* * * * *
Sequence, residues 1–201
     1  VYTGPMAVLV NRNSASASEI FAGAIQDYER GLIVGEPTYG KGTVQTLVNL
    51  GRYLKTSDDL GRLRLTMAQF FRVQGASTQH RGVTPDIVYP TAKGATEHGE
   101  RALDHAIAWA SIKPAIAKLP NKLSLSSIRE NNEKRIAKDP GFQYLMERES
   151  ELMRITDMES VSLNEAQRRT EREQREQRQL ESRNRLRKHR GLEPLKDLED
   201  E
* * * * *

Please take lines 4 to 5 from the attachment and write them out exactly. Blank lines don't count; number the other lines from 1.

   101  RALDHAIAWA SIKPAIAKLP NKLSLSSIRE NNEKRIAKDP GFQYLMERES
   151  ELMRITDMES VSLNEAQRRT EREQREQRQL ESRNRLRKHR GLEPLKDLED